Mediterranean Diet, Fewer Heart Events Linked
Jancin, Bruce, Clinical Psychiatry News
ORLANDO, FLA. -- Eating a Mediterranean diet is associated with significantly reduced levels of C-reactive protein and other inflammatory markers, Demosthenes Panagiotakos, Ph.D., said at the annual scientific sessions of the American Heart Association.
This new observation from a large prospective cohort study provides a likely pathophysiologic explanation for the repeated observation in multiple studies that adherence to a Mediterranean diet sharply reduces the risk of cardiovascular events, added Dr. Panagiotakos of Harokopion University of Athens.
He noted that just last summer, Dr. Antonia Trichopoulou and colleagues at the university reported that greater adherence to a traditional Mediterranean diet rich in olive oil, vegetables, legumes, fish, chicken, fruit, and pasta, with infrequent consumption of red meat, was associated with an adjusted 33% reduction in relative risk of mortality due to coronary heart disease and a 24% reduction in death due to cancer in a 44-month prospective observational study involving more than 22,000 Greek adults (N. Engl. J. Med. 348:2599-2608, 2003).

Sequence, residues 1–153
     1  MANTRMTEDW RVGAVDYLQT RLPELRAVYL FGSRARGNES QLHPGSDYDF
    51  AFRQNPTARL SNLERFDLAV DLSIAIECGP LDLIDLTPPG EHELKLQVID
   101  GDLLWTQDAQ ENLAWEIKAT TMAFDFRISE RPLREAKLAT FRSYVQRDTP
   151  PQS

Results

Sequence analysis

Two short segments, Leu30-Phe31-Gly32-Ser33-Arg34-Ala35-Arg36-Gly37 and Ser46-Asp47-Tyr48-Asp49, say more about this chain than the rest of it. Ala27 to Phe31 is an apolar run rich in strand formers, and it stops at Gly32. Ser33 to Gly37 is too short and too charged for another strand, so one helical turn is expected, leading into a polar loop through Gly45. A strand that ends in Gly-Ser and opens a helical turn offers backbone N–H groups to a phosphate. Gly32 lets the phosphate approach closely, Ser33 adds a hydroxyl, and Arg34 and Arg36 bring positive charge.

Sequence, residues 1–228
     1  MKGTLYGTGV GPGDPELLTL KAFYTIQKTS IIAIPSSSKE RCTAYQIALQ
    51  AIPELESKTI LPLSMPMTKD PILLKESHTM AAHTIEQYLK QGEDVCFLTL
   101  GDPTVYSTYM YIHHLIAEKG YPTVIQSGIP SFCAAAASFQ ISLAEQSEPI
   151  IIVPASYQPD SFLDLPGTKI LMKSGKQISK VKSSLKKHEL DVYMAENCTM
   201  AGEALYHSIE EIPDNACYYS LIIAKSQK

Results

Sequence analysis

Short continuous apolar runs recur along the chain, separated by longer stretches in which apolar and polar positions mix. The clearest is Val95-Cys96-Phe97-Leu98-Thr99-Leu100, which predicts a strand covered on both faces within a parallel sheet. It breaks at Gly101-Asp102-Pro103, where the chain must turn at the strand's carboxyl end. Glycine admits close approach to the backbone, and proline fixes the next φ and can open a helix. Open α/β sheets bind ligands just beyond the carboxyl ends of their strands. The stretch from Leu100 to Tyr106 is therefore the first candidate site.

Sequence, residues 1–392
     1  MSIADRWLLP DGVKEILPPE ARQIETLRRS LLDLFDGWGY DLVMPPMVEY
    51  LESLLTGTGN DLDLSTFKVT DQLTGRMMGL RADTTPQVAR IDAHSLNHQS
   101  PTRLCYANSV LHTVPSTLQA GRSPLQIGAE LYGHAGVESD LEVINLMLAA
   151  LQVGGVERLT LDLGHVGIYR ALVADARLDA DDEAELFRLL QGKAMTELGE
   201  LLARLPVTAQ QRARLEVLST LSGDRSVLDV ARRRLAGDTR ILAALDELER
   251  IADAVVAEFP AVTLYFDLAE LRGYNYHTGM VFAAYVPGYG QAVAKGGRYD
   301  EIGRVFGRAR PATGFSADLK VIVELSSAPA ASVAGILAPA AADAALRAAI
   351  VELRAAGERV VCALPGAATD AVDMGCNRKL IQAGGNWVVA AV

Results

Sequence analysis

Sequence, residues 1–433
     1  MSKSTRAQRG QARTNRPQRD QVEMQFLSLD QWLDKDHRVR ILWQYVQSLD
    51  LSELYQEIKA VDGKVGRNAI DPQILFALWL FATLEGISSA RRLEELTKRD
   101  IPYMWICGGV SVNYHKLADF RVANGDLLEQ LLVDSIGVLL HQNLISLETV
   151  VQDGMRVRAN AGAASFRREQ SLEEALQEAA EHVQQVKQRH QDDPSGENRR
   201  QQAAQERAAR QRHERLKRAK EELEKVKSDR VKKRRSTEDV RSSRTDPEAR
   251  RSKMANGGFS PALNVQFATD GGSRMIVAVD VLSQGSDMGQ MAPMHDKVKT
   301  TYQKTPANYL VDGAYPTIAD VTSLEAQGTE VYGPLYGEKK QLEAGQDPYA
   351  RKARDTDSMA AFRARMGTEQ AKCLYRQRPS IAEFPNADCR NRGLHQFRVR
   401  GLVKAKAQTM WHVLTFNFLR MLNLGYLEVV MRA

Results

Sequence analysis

This is just the latest in a string of favorable reports dating back to the 1970s, when the epidemiologist Dr. Ancel Keys reported on the landmark Seven Countries Study. But the mechanism of benefit has been unclear. Some have argued that the explanation is that the Mediterranean diet lowers blood pressure. …